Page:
- The Washington Times - Thursday, December 9, 2004

Snake oil

In the Op-Ed column “Punishing the sick” (Saturday), the Cato Institute’s Doug Bandow criticizes our government’s opposition to the use of smoked marijuana for medicinal purposes.

However, so-called medical marijuana is really nothing more than a form of snake-oil medicine backed by a $500 billion international drug trafficking industry as a ruse to gain acceptance of marijuana, which serves as bait to lure children into addiction and the subsequent compulsive consumption of the drug traffickers’ lucrative evil products.

Drug legalizers have bragged that they are using the phony issue of medical marijuana as a ploy to promote their larger goal of legalizing all drugs — an idea the Cato Institute also has entertained. Drug-abuse-prevention organizations and their loyal government officials know that endorsement of so-called medical marijuana serves only to water down the anti-drug message heard by America’s schoolchildren who are tempted to smoke marijuana, endangering their own health and the safety of their schoolmates.

More than 50,000 Americans die each year from drug-related causes, including 22,000 directly from overdoses, and it’s common that the drug habits that led to overdose began with a shared joint of marijuana from a schoolmate.

We parents who are drug-abuse-prevention activists fully appreciate and support our government’s efforts to protect our children and families from the massive addiction and death that drugs inflict on our nation. We resent ivory-tower theorists such as Mr. Bandow and his Cato Institute colleagues who appear not to understand the dire need to eliminate drugs and drug-related violence from our childrens’ schools — and from their lives.

If the Cato Institute and Mr. Bandow really want to support medical use of marijuana, they should advocate that it be submitted to the Food and Drug Administration for standard approval as medicine. Otherwise, it seems that they are simply supporting junkies and pushers who want full approval of their favorite dope.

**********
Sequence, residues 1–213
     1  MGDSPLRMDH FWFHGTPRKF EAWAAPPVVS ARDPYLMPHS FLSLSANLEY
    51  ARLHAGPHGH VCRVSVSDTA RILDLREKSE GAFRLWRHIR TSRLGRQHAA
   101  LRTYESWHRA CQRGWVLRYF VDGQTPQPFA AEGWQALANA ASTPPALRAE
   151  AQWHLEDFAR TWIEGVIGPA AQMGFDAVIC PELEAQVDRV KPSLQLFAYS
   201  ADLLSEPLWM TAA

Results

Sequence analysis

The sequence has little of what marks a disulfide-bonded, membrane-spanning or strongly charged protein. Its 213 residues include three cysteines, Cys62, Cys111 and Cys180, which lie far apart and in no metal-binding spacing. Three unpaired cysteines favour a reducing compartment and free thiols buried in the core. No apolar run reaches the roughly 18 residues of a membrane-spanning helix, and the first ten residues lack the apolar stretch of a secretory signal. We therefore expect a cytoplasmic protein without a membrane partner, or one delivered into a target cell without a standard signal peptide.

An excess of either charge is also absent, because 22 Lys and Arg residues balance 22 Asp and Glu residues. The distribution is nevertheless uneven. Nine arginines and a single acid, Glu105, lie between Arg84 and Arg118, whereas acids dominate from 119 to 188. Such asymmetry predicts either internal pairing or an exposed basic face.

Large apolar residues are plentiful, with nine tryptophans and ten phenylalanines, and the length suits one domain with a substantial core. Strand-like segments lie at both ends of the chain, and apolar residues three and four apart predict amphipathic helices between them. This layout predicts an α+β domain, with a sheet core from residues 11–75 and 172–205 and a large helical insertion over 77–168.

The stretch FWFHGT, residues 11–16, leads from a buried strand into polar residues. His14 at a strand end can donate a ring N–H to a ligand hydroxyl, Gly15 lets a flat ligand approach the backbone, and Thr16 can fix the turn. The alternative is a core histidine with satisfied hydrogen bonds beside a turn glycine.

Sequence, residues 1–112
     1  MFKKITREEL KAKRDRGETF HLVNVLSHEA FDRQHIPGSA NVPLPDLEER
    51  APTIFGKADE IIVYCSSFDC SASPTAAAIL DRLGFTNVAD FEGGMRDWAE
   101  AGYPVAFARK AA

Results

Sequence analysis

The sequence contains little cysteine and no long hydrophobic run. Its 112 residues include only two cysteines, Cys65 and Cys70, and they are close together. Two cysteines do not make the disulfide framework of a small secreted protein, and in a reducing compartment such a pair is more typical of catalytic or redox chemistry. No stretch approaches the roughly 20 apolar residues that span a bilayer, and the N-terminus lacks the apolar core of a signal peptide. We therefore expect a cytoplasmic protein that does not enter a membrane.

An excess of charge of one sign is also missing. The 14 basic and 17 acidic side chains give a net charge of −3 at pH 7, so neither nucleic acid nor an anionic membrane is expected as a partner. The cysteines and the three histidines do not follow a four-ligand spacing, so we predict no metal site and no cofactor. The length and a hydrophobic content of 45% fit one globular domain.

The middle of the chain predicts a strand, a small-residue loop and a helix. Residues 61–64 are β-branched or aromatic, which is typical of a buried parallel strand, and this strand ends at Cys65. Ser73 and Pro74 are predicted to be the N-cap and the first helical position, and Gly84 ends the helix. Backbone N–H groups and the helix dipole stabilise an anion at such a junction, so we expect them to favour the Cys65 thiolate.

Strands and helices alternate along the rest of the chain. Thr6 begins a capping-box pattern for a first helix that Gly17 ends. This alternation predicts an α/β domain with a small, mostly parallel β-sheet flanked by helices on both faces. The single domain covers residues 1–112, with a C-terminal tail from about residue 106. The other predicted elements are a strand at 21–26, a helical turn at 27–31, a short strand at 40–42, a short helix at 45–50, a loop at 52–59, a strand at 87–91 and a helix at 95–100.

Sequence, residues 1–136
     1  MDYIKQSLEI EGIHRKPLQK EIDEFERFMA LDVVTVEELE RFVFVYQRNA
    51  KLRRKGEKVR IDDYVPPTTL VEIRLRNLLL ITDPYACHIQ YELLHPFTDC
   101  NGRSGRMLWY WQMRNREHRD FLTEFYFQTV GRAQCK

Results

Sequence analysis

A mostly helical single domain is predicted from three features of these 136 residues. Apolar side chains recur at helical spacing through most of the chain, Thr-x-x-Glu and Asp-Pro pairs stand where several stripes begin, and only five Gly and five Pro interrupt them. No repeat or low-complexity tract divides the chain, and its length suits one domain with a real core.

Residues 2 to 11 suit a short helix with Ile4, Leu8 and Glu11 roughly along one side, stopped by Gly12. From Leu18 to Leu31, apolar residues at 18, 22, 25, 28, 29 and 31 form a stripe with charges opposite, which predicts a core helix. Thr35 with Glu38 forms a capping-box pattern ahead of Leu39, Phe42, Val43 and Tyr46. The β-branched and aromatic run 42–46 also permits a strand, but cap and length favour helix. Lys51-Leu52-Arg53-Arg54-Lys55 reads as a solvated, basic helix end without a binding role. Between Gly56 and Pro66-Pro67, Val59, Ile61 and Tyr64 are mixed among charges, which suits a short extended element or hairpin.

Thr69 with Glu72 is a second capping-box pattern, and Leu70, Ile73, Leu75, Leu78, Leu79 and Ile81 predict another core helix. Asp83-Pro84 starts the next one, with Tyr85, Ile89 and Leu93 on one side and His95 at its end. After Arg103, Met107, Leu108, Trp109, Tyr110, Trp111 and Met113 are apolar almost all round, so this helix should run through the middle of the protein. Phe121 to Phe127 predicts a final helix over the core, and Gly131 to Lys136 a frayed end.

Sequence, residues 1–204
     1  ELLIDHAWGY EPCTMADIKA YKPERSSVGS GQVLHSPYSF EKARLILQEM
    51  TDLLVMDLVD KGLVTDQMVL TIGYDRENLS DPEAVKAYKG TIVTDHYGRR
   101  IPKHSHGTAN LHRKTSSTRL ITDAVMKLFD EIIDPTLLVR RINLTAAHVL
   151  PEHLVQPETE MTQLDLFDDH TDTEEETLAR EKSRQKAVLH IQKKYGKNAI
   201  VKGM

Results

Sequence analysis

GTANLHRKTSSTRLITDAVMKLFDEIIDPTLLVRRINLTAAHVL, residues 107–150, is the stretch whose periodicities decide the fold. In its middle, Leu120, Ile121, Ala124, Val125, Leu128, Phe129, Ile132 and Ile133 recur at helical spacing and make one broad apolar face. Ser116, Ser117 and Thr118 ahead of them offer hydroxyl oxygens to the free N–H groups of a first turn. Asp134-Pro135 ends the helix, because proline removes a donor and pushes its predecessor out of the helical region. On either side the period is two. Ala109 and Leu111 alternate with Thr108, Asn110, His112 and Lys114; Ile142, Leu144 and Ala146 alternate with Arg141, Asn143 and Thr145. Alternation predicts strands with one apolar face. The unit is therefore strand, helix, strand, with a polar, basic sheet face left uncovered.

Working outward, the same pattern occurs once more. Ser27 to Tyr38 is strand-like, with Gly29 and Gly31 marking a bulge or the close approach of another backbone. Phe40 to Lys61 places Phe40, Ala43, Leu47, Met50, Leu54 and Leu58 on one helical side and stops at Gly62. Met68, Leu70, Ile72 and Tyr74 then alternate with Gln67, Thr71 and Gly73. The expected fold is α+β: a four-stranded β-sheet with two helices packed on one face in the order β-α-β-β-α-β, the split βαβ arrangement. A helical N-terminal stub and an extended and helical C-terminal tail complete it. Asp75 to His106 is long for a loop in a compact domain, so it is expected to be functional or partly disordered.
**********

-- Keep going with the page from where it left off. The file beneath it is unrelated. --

DEFOREST RATHBONE

Chairman

National Institute of Citizen Anti-drug Policy

Great Falls

Help is just a click away

I would like to comment on the article “Do-it-yourself diagnosis” (Metropolitan, Tuesday.) The article starts with the case of a 72-year-old woman with long-standing gastrointestinal problems who asked to be tested for celiac disease. The doctor said such a diagnosis wasn’t feasible given her condition, but your article does not provide more detail on why that was the case.

In fact, the National Institutes of Health consensus statement on celiac states that individuals with gastrointestinal symptoms should be tested for celiac disease. It is interesting that your article, which seems critical of “do-it-yourself” diagnoses, leads with a prime example of a disease for which information available on the Internet is more up-to-date than what doctors learned in medical school. Until five years ago, the prevalence of celiac disease was thought to be 1 in 5,000; recent research suggests that the incidence is between 0.5 percent and 1 percent.

Many patients would not have been diagnosed with celiac if not for the information available on the Internet, as the vast majority of doctors are not aware of recent research on the disease. (An anecdotal case: My cousin, a medical student at George Washington University, was taught recently in lecture that celiac disease is so rare that the students would likely never encounter a case in their practices.)